Make sure you read the books first! All the stories can be found in the Complete Collection of Beatrix Potter. You may also be interested in "Gardening with Peter Rabbit" as a way of playing with and teaching your little bunnies at the same time.



Monday, February 3, 2014

"Help Me Be Good" Book Set ~ Child Rearing Gems


How I love this set of books! I remember telling my little daughter things like, "don't be rude" in order to correct her character in those younger years. The frustrating part was that she didn't understand what "being rude" meant and I was at a loss.


It is a struggle in the beginning to use vocabulary words to discipline your children when they don't comprehend the meaning. This is where the "Help Me Be Good" books are gems for dear, distraught mother. It is one of my favorite sets that I share with close friends and family and so I thought to share them with you.



Each book focuses on a character concept to read to your child. They are simple to understand, with plenty of pictures to amuse them which further illustrate the point. The best part is that your youngsters will now recognize what "being greedy" means. They will identify with what "being wasteful" is, "being destructive" and so on.



You can confidently correct them in their conduct knowing that they have full understanding. The communication gap has been bridged!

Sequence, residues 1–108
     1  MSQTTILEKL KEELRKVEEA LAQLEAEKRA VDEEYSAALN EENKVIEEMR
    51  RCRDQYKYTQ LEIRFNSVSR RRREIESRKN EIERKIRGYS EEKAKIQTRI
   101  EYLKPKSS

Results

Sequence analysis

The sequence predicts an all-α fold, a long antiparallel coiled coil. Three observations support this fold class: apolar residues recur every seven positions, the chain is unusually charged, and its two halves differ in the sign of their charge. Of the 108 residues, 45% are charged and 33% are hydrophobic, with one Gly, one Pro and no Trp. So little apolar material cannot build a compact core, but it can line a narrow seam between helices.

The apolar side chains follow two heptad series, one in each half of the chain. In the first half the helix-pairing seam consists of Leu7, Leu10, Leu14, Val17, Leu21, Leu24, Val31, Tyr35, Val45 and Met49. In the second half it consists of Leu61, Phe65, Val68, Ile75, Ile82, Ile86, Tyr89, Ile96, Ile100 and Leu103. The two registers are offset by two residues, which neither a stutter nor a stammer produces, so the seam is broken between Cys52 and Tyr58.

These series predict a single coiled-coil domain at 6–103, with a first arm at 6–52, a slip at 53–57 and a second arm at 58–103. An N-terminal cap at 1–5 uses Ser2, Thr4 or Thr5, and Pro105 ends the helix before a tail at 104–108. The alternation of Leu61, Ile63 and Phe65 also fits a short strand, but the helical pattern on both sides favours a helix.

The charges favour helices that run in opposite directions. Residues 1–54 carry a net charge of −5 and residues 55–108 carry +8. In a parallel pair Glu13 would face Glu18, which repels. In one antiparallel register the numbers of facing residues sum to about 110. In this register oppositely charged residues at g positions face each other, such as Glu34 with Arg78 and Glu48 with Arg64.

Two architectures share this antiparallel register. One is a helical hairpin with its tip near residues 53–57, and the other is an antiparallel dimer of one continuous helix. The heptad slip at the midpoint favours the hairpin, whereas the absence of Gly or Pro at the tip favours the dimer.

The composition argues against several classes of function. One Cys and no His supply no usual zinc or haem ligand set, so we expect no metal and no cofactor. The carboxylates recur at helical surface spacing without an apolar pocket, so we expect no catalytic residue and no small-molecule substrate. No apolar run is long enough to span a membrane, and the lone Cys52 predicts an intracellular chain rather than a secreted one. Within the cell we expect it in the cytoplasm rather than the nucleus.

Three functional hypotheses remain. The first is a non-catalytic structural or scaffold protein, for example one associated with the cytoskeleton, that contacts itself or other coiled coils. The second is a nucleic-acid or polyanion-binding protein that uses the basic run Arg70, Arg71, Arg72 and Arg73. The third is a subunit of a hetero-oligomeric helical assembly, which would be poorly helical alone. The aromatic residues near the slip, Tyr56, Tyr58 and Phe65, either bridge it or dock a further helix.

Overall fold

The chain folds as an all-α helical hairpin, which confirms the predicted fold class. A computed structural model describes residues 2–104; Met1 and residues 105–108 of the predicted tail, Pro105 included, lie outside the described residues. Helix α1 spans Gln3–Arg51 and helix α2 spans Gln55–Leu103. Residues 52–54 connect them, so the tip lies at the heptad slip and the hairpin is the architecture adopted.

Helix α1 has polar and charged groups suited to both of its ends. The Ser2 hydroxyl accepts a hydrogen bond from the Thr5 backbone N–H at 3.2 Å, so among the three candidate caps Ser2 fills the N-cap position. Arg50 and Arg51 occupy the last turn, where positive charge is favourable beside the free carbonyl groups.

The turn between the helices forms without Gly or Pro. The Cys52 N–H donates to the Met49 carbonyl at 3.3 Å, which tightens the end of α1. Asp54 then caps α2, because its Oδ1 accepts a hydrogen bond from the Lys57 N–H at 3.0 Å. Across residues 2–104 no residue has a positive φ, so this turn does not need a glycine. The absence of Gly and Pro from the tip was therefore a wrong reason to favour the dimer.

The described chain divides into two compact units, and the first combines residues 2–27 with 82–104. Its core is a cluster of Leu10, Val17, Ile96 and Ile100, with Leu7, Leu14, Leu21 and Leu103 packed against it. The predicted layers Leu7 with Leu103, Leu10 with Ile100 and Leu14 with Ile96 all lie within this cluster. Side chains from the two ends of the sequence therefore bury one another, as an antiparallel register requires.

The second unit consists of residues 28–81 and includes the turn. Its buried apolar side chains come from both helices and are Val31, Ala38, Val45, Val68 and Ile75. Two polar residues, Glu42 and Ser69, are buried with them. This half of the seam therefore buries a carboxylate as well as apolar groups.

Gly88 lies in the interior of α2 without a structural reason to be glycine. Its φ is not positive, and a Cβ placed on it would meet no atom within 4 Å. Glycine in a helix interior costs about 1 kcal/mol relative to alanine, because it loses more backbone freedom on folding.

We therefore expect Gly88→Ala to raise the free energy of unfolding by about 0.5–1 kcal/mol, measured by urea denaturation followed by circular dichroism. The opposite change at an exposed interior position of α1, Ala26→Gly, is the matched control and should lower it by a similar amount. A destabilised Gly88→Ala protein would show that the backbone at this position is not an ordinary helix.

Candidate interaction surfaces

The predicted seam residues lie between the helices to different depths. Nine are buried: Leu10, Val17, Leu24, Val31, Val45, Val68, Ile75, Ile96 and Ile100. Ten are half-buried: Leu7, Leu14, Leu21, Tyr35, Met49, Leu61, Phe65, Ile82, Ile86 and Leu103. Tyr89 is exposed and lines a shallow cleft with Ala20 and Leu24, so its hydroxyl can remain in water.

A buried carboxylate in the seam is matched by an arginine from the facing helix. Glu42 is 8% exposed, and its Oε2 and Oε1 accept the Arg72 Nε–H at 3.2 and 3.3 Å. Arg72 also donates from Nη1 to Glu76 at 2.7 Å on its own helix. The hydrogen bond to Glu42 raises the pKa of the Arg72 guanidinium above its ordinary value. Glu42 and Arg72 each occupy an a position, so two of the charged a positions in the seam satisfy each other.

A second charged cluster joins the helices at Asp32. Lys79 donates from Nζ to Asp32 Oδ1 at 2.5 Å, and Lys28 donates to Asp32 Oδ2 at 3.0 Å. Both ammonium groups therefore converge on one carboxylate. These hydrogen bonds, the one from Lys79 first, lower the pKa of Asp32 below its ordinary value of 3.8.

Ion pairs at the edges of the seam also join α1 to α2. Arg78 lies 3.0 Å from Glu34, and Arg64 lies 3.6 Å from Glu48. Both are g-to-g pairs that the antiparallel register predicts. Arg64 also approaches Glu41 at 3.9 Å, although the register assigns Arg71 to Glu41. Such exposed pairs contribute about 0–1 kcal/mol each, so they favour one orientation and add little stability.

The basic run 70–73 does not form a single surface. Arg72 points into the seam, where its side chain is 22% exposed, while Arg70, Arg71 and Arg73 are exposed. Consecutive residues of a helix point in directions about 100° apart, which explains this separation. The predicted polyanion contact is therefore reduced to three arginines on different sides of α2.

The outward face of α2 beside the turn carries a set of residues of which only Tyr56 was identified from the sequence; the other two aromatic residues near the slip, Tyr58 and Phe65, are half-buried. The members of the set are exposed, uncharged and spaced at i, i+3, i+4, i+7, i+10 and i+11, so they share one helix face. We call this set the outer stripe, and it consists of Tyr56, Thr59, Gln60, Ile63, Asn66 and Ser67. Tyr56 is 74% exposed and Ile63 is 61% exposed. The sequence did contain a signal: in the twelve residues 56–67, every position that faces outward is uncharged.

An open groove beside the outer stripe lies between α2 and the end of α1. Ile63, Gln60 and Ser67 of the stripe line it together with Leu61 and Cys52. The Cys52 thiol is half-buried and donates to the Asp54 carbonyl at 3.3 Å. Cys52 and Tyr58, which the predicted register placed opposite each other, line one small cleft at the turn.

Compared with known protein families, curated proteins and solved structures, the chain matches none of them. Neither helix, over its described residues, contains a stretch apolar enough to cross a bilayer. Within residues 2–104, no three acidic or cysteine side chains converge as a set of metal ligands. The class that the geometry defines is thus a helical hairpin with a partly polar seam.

This series were out of print for some time but I recently came across them in paperback boxed sets which includes songs to accompany them. Though I can't vouch for the music CD's, I will definitely recommend the books. They have been such a blessing in our household!

Titles include:
  • Being Lazy
  • Being Forgetful
  • Being Careless
  • Being Messy
  • Being Wasteful
  • Overdoing It
  • Showing Off
  • Being a Bad Sport
  • Being Selfish
  • Being Greedy
  • Breaking Promises
  • Disobeying
  • Lying
  • Interrupting
  • Whining
  • Throwing Tantrums
  • Complaining
  • Teasing
  • Tattling
  • Gossiping
  • Being Rude
  • Snooping
  • Cheating
  • Stealing
  • Being Bullied
  • Being Bossy
  • Being Destructive
  • Fighting


Note: Though these books are not "Christian" in nature, their goal is promoting character building traits that honor God. You could always summarize each book with an appropriate Bible verse to tie everything together. You may also be interested in our Biblically Principled Picture Book List.